One-time Wellingtonian and now Napier resident Mark Story revisits the capital for a whirlwind food circuit and preview of Visa Wellington on a Plate.
As if it wasn't hard enough for us fatties to dodge burgers, the capital's chefs are about to make it even tougher.
I was invited to spend three days in the capital to test my metabolism and preview the August-run Visa Wellington On a Plate festival, which, among other fare, included downing three signature burgers on offer during Burger Wellington, Peka ki Pōneke.
My first stop was Te Aro's casual eatery Shepherd, where the team came up with a Kiwi classic – but not as we know it.
The Sausage Warehouse burger was born of the iconic sausage sizzle: same flavour fusion but with an extra-savoury pork and mince pattie, fried onions and generous lashings of mustard and tomato sauce.
The team's brief was based around the question: "How do we create a burger that's not us?" The result was a dressed-down, zero-glamour comfort burger with instant flavour recognition. A colloquial winner.
Post-burger, I strolled a few hundred metres to Garage Project's Wild Workshop where I met high-priest fermentist and co-founder Pete Gillespie. A full beard complete with a froth filter, this guy's as passionate as they come, a genuine triumph of tone.
The new cellar door based in an old print press on Marion St is for "extreme" and "spontaneous" fermentation, where the crew can spread their wings and complement the more controlled processes at Garage Project's Aro Valley HQ.
In an eye-opening move, Gillespie shows me a massive stainless steel open pool into which the wort is spilled and, at night, the big windows next to it are opened for Wellington's wild yeasts to wed the wort. A tad risky, but instinctive, bold and just a little bit magic.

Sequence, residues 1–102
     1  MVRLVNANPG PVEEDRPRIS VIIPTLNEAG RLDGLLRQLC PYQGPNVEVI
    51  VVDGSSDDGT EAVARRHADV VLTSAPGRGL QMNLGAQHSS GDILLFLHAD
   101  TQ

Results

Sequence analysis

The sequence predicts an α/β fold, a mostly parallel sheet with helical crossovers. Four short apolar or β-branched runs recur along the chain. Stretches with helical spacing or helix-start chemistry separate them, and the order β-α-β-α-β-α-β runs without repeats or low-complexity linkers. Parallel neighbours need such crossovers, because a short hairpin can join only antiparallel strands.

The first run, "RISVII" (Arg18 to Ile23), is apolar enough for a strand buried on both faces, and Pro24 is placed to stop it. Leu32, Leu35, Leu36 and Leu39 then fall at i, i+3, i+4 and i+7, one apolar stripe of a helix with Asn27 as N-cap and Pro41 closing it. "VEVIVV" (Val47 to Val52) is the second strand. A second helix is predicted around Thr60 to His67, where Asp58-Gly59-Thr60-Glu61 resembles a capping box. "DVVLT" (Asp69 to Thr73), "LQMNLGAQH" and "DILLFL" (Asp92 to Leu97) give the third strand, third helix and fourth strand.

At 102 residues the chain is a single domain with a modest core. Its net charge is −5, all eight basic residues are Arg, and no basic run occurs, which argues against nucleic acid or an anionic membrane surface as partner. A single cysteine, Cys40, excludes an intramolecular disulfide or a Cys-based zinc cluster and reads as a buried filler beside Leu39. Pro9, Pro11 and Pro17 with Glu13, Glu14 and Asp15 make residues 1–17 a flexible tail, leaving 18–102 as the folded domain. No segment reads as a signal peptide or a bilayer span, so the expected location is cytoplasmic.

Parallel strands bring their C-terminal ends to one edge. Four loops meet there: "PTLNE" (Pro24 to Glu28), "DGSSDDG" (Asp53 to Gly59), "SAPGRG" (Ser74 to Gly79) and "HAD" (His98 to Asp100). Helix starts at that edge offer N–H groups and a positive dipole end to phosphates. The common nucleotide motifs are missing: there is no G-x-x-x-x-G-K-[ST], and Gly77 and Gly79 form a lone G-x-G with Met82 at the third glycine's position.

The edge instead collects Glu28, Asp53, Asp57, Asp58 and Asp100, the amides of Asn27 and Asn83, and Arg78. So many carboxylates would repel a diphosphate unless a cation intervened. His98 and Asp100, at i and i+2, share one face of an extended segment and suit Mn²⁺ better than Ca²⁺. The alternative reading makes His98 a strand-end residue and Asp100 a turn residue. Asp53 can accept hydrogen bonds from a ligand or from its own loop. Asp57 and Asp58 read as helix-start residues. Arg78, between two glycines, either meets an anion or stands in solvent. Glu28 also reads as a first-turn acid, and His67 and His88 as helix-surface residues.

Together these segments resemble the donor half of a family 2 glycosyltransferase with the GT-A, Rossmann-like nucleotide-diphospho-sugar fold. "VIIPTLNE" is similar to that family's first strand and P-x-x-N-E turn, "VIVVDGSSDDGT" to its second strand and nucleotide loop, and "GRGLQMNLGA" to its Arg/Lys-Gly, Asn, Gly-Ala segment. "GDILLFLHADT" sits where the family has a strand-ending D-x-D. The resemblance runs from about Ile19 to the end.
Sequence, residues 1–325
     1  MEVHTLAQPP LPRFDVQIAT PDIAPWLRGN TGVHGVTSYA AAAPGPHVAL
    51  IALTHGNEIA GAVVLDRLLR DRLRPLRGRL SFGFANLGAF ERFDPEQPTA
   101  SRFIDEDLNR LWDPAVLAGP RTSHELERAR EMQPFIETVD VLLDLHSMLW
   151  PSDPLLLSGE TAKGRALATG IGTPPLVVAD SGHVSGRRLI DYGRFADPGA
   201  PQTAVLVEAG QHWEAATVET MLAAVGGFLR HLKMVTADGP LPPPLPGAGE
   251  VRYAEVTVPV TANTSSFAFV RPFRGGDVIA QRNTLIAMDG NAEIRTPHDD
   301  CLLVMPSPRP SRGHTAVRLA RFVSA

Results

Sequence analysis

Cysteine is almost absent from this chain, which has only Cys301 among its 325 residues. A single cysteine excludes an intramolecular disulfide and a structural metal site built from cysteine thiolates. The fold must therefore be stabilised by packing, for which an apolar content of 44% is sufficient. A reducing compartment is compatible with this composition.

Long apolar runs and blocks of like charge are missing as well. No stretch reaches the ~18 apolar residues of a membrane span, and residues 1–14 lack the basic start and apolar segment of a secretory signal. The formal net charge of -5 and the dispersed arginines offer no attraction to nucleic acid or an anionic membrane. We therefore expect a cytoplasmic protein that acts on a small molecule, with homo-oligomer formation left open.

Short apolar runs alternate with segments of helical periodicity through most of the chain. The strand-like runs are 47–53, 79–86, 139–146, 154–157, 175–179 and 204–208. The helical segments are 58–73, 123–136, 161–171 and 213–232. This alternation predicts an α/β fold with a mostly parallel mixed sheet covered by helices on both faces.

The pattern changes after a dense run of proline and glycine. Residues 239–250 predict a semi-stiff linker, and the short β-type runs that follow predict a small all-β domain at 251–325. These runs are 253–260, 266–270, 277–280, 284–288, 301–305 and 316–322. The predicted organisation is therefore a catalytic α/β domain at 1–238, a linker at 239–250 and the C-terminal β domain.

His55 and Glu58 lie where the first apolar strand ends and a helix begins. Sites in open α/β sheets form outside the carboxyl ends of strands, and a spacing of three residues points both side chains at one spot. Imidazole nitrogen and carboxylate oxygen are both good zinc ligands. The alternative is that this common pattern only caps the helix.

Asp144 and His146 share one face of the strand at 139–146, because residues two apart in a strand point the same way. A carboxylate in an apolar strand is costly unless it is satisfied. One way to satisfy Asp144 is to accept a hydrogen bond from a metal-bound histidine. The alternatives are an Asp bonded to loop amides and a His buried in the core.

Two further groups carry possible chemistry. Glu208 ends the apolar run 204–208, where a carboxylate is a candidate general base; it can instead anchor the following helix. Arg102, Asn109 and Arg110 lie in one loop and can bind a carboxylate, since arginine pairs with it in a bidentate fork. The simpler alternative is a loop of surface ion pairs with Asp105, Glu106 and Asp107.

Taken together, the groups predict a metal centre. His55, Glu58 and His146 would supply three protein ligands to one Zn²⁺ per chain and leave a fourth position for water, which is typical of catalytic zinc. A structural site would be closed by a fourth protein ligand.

Given he was host during a sampling session, I didn't want to go anywhere as I was learning so much - but I had a date with a burger.
Fast-forward an hour and I was three bites into Atlas restaurant's The Baller. This number from the stylish Customhouse Quay joint was something else. Namely buttermilk fried chicken with caviar, seaweed hot sauce and crème fraîche, bookended in potato buns.
Both surf and turf, it was an umami-strong assembly of flavour marriages completely foreign to my palate – but perhaps due to that, an outright novelty, a perfect stranger.
A welcome 20 hours of digestion later I was staring down the most out-there burger yet - the Chilli Pickle Rick from Rosie's Red Hot Cantina.
I had to read the following a few times for it to compute: habanero-dusted fried chicken thigh with maple pickle, bacon and candied chilli icecream, American cheese, honeypot burger sauce and dill pickles in a buttered potato bun. A mouthful in every sense.
Verdict? I did enjoy the bang of the chilli, which was tamed nicely by the icecream. It was best to leave the burger to sit for a few minutes to let the icecream melt and run amok through the other components.
I'm not entirely sure when savoury and sweet stare each other directly down like this, but it certainly fitted the "Out of Place" theme of this year's festival.
As with every trip to the capital, there was a highlight. This time around it was an urban foraging session with Hillside Kitchen chef Asher Boote.
Waiting for him in light rain at the base of inner-city Te Ahumairangi Hill, I spied a few kaka making a racket. I realised it was the first time I'd seen the endemic parrot in the wild.
As a former Wellingtonian, it's what I miss the most about my former home, where the capital's bush is one and the same with the city.
It's something Boote tries to delineate on a plate. "We're trying to talk particularly about what's native and what's in our city, hence Wellington on a plate," he says.
For him, gathered food's flavour is "completely different to anything you can buy".
Plants that have survived in an area without any help pique his interest.
"Obviously something good is happening in that soil.
"Foraging is collective knowledge, but it's not held knowledge, it's knowledge shared and available."
Despite it being winter, what was gatherable on a small urban greenbelt in winter was surprising. Wild turnip, pūhā, oxalis, fennel, chickweed, kawakawa (berries and leaves), mamaku tree fern, harakeke – and the find of the outing, a cricket-ball sized puffball used in similar ways to a mushroom.
The continuing kaka presence was an apt example of his philosophy, where the urban interfaced with the wild.
Despite a nasty case of ingestion fatigue, on my last night I was lucky to sample the best steak I've ever eaten (and there've been many) courtesy of Jardin Grill's woodfire grill.
Whether it be wild yeasts, gathered fungi or fennel, get down to Wellington in August, where the foodies are inviting the outside in.
• For more Wellington on a Plate events see visawoap.com